Obamacare repeal is in trouble in the Senate, and a nonpartisan analysis of the House’s repeal legislation issued Wednesday only reinforced that reality.
Within minutes of the release of the report showing 23 million fewer Americans would be insured over a decade, two Senate Republicans blasted the estimate and the House bill, underscoring just how much the legislation will have to change to get through the upper chamber.
Sen. Dean Heller (R-Nev.), one of the few Senate Republicans expected to face a tough re-election contest next year, said the House bill “does not do enough to address Nevada’s Medicaid population or protect Nevadans with pre-existing conditions.”
Sen. Bill Cassidy (R-La.) also criticized the House bill for failing to adequately protect Americans with pre-existing medical conditions.
“Congress’s focus must be to lower premiums with coverage which passes the Jimmy Kimmel Test,” Cassidy said in statement, referencing the late night talk-show host who garnered national attention last month with his tearful monologue about his newborn’s heart surgery. “The AHCA does not. I am working with Senate colleagues to do so.”
While the new CBO analysis didn’t appear to pinpoint any fatal procedural flaws with the House bill — which would require another tumultuous vote in the lower chamber — there’s still a chance that it could run afoul of the arcane rules that would allow it to be passed in the Senate with a simple majority of votes. And many Republican senators, already critical of the House legislation, vowed after the CBO findings to come up with a better version — but it won’t be easy for them to bridge the divides among themselves and pass it.
The CBO analysis wasn’t all bad news for Republicans. It also found that it would reduce spending by $119 billion and would lower premiums starting in 2020. But those glimmers of good news will undoubtedly be overshadowed by projection that millions would not have coverage. And the Senate has little room to maneuver. Republicans need 50 votes — and there are only 52 Republicans in the Senate.
Democrats and their allies have pilloried the American Health Care Act as a massive tax cut for the rich paid for by ripping away coverage from low-income Americans. Polling has shown the bill to be deeply unpopular, and Republicans have weathered combustible town hall meetings filled with angry constituents,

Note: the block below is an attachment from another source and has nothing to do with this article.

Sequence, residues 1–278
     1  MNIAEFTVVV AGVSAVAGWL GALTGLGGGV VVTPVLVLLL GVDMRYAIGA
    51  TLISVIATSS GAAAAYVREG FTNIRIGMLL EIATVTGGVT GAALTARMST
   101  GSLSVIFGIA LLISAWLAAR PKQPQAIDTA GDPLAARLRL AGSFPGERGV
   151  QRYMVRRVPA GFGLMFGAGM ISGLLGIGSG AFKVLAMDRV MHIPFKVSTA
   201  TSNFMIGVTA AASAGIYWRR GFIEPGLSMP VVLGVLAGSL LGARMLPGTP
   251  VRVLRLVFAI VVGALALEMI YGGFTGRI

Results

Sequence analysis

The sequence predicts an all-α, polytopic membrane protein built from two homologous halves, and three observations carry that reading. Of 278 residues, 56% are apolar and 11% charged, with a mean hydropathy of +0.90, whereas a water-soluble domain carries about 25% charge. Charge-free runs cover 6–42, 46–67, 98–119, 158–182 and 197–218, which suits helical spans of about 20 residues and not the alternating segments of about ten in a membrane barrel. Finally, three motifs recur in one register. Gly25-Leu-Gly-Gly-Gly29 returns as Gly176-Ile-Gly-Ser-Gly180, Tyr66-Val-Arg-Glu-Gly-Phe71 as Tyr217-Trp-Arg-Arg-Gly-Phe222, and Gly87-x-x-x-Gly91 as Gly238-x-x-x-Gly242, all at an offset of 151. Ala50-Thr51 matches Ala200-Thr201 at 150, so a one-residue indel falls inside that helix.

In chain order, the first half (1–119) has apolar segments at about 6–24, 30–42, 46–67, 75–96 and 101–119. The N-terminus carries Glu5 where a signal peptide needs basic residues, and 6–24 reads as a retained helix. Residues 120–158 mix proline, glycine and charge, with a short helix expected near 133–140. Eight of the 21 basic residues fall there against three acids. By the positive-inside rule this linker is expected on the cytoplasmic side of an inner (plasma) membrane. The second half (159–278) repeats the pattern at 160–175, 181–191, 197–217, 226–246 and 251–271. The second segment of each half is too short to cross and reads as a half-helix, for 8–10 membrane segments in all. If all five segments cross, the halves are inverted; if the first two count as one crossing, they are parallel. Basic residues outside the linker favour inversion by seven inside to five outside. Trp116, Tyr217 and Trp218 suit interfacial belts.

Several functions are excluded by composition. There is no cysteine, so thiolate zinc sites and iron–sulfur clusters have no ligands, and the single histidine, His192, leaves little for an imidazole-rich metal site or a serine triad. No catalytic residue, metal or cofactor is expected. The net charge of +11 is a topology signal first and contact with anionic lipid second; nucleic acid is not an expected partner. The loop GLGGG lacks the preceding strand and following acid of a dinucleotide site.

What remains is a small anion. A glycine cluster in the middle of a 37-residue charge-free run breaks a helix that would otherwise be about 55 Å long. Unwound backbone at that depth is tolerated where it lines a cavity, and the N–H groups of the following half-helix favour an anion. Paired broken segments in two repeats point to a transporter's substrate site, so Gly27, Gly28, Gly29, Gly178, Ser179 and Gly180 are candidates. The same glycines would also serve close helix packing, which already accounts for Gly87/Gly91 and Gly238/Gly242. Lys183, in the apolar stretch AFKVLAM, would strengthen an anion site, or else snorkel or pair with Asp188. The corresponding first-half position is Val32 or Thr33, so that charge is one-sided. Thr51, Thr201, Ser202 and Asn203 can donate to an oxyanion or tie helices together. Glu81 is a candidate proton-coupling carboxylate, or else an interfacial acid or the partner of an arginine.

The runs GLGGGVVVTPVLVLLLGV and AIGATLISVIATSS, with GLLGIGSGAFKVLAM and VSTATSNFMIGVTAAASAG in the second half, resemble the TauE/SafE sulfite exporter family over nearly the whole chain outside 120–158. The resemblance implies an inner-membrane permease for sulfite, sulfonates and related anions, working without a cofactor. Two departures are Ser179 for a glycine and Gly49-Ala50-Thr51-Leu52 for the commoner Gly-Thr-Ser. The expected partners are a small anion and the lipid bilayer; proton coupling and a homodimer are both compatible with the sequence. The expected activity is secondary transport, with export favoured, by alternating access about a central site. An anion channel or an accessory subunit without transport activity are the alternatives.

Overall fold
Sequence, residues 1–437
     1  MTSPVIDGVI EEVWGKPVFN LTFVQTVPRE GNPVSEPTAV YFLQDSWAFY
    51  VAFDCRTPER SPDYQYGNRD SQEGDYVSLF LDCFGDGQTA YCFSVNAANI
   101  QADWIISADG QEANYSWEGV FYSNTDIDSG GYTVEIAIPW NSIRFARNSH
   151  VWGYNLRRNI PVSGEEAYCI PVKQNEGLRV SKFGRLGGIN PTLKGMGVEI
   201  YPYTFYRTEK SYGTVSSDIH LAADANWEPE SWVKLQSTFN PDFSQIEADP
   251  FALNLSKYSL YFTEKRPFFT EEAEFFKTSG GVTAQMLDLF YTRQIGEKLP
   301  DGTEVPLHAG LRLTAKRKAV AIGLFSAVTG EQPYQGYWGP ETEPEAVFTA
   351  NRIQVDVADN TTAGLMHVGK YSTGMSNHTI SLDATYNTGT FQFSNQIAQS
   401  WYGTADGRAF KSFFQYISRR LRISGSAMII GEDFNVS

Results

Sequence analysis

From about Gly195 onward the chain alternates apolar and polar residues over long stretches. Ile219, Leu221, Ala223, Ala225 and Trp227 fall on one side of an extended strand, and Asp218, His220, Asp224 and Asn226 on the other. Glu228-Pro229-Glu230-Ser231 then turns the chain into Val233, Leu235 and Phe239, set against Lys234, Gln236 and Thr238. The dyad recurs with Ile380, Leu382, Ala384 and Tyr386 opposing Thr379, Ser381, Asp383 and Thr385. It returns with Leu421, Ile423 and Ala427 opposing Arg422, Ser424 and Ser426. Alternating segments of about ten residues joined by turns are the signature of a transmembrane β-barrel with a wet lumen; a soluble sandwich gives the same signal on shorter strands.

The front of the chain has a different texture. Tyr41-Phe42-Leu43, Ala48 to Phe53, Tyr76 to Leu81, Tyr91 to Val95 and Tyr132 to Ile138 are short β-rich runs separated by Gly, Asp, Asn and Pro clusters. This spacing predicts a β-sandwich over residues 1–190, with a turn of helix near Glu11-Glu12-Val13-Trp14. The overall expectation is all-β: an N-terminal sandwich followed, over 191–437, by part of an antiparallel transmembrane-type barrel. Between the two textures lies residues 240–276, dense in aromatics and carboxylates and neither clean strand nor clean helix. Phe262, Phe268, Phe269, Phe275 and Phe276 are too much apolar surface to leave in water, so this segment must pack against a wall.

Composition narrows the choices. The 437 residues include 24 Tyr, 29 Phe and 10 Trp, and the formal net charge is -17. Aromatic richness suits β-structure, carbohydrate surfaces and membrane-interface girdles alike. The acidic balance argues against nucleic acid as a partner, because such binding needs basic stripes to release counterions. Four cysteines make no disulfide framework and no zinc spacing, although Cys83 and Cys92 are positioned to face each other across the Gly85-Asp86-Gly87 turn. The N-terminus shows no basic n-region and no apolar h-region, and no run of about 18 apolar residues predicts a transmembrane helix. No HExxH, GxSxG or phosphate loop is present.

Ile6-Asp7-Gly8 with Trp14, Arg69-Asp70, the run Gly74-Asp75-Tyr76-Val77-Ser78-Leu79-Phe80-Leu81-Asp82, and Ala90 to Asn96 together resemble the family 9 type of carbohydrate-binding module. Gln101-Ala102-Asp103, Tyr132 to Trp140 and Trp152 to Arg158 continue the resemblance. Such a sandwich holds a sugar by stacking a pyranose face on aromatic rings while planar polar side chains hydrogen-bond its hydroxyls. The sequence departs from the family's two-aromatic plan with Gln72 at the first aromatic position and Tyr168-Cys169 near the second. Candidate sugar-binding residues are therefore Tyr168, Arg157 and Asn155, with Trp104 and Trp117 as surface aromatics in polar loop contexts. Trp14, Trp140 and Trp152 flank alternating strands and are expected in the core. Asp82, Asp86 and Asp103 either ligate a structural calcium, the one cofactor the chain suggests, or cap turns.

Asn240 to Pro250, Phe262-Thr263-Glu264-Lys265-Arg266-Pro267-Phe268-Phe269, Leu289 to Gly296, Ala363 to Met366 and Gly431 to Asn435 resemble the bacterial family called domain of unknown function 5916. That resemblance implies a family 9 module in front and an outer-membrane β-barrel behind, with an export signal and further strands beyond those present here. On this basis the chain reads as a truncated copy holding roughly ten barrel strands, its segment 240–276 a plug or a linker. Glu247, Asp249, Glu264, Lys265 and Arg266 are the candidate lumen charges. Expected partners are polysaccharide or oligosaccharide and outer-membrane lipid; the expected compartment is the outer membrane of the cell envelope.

Democrats immediately blasted the bill in response to the much-anticipated CBO findings.
“No wonder the Republicans were afraid of the CBO analysis,” said Sen. Dick Durbin of Illinois, the Democratic Whip. “Trumpcare 2.0 will still force millions of Americans to lose their health insurance, raise premiums, and put critical health care services beyond the reach of hard-working families. All of this to give a GOP tax cut to the wealthiest.”
“Donald Trump and Congressional Republicans want to bring us back to the days when health care was only for the healthy and wealthy,” echoed California Attorney General Xavier Becerra, in a statement. “This is President Trump’s and House Republicans’ brave new world. Less health care, less money in their constituents’ pockets."
In response to the ugly coverage projections, Republicans have cast aspersions on the credibility of the CBO. They point out that the budget analysts were way off the mark in their predictions for how many people would sign up for Obamacare. Less than half as many Americans are enrolled in those plans at this point than was predicted by CBO.
"History has proven the CBO to be totally incapable of accurately predicting how health care legislation will impact health insurance coverage," said one White House official.
Senate Majority Leader Mitch McConnell was downplaying the score’s coverage number before it even came out.
“It’s a technical, procedural step likely reiterating things we already know, like fewer people will buy a product they don’t want when the government stops forcing them to,” McConnell said Wednesday morning on the Senate floor. “Whatever the CBO says about the House bill today, this much is absolutely clear: the status quo under Obamacare is completely unacceptable and totally unsustainable.”
But Senate Republicans clearly see the peril of passing a bill that’s projected to lead to 23 million fewer Americans having coverage. They have stressed that they’re going to write their own repeal package and promised that it will be a significant improvement over the House version. A working group of 13 GOP senators has been holding thrice-weekly meetings to try and build consensus on a path forward. One of the biggest fissures remains around how to wind down Medicaid expansion in a way that won’t hurt constituents in states that took advantage of the Obamacare provision.
Sen. Jeanne Shaheen (D-N.H.) blasted that working group on Wednesday for failing to include any female senators. “That is just unconscionable, added to the fact that it’s all being done behind closed doors,” she said on the Senate floor.
Several Republican senators on Wednesday afternoon declined to comment on specifics in the score, saying they hadn’t had a chance to read it yet.
“We needed to get to today so we can start having a little bit more serious effort on this,” said Sen. Cory Gardner (R-Colo.), who represents a state that expanded Medicaid. “This will help it move forward.”